Ives: Symphonies Nos 2 and 3; The Unanswered Question (1966) by the New York Philharmonic conducted by Leonard Berstein

Categories: 1901, 1902, 1910, 1911, 1935, 1958, 1960, 1964, 1965, 1966, 1987, and Music.

This is a compilation of the New York Philharmonic and Leonard Berstein’s performances of the middle symphonies and The Unanswered Question, originally a piece paired with another but one that has found a lot of attention as a standalone. Bernstein was one of the great champions of Ives once he was “discovered,” but these performances are actually significantly later than the premieres, which were handled by other conductors in the ’40s. Apparently Bernstein made some somewhat radical changes to some of the tempi and these changes have entered the repertoire. That’s not something that necessarily bothers me, though I understand Read More

Marnie (2000) by Bernard Herrmann, performed by the Royal Scottish National Orchestra conducted by Joel McNeely

Categories: 1964, 2000, and Music.

Marnie is considerably more traditional than Herrmann’s most famous works from the ’60s, but that doesn’t make it bad. The score is highly memorable (i.e. catchy) and features not just a compelling main theme but some other pieces that really get in your head. There’s nothing innovative here. It’s just a pretty good score by one of the great American film score composers. Worth checking out if you’re into Herrmann, or Hitchcock, but certainly not among his very best. 7/10 Read More

Idle Moments (1964) by Grant Green

Categories: 1964 and Music.

Sometimes great music happens by accident. Apparently that’s what happened with the title track – it was never supposed to be so insanely long but somebody messed up and the band played the melody too many times. The result is pretty wonderful, if you love your cool jazz.And you know I don’t really. But I can respect it. And it’s not all cool, they do get “hot” (so to speak) on one of original tracks. The band is pretty stellar, particularly Hutcherson. Henderson appears to be really going against the grain, especially on the title track.But Wes was my first Read More

Seven Up! (1964, Paul Almond)

Categories: 1964 and TV.

This is TV program, which actually started the Up documentaries, is a dated and kind of simple attempt to capture the socioeconomic differences among British children and how those differences may affect their lives down the road. The film oversimplifies the social psychological / sociological research of the day but it is compelling to see how class differences already exist at age 7. It’s too bad the production has dated so much. 6/10 Read More

Complete Organ Works (2003) by Maurice Durufle, performed by Friedhelm Flamme

Categories: 1926, 1930, 1932, 1942, 1953, 1961, 1962, 1964, 1971, 2003, and Music.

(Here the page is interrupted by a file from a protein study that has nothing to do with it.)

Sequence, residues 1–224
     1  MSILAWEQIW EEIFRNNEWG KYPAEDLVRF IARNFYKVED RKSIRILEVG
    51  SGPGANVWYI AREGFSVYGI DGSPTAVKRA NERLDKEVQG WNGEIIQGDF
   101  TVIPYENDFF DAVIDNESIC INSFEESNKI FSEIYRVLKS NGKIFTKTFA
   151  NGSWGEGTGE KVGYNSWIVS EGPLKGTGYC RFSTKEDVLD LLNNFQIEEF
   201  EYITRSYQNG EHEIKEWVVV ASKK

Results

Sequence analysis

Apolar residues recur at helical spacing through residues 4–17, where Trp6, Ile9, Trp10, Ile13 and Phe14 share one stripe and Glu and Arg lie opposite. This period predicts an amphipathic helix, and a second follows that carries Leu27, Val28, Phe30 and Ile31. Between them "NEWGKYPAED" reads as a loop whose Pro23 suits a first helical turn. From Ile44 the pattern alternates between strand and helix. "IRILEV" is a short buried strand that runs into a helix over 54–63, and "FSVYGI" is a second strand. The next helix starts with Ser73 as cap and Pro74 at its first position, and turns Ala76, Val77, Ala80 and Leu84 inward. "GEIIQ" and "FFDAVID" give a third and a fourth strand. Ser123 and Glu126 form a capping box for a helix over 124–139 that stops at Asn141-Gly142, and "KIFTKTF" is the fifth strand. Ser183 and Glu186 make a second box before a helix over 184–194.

The pipe organ must be one of the seriously neglected instruments of 20th century “classical” music, at least from the perspective of us musical naifs. I mean, even though there are plenty of notable organ and organ-centric compositions, very few of those have actually made it into mass awareness. The little bit of organ music we know is baroque. Read More

Michel Brault: Oeuvres 1958-1974

Categories: 1958, 1961, 1962, 1963, 1964, 1967, 1968, 1969, 1971, 1974, and Movies.

Though not every film is absolutely stand out, this collection is mostly filled with great stuff and very well worth watching, especially for Canadians. We can see that the Canadian film tradition was a little richer than more recent NFB material might have led us to believe. Here we have engaging, sometimes provocative, examinations of both minor and serious issues within our culture. Brault’s work should be far more well known outside of Quebec than it currently is. It should be watched in schools. Here are the films included in the collection. Titles in quotes are shorts and italicized titles Read More

The 50th Anniversary Collection by James Brown (Polydor 2003)

Categories: 1956, 1958, 1959, 1960, 1961, 1962, 1963, 1964, 1965, 1966, 1967, 1968, 1969, 1970, 1971, 1972, 1973, 1974, 1976, 1979, 1988, 2003, and Music.

James Brown’s importance can not be understated. He is on The List of the most important musical figures of the twentieth century (along with Louis Armstrong, the Beatles, Miles Davis, Dylan, Duke Ellington, Schoenberg, Stockhausen, Frank Zappa and maybe a few others). This compilation of his hit singles gives a very good idea of his progression and how he turned gritty soul and R and B into funk and thus got sampled more than any other band leader ever. The one downside is that this compilation of his hit singles is missing one of his biggest hits. Hard to understand that Read More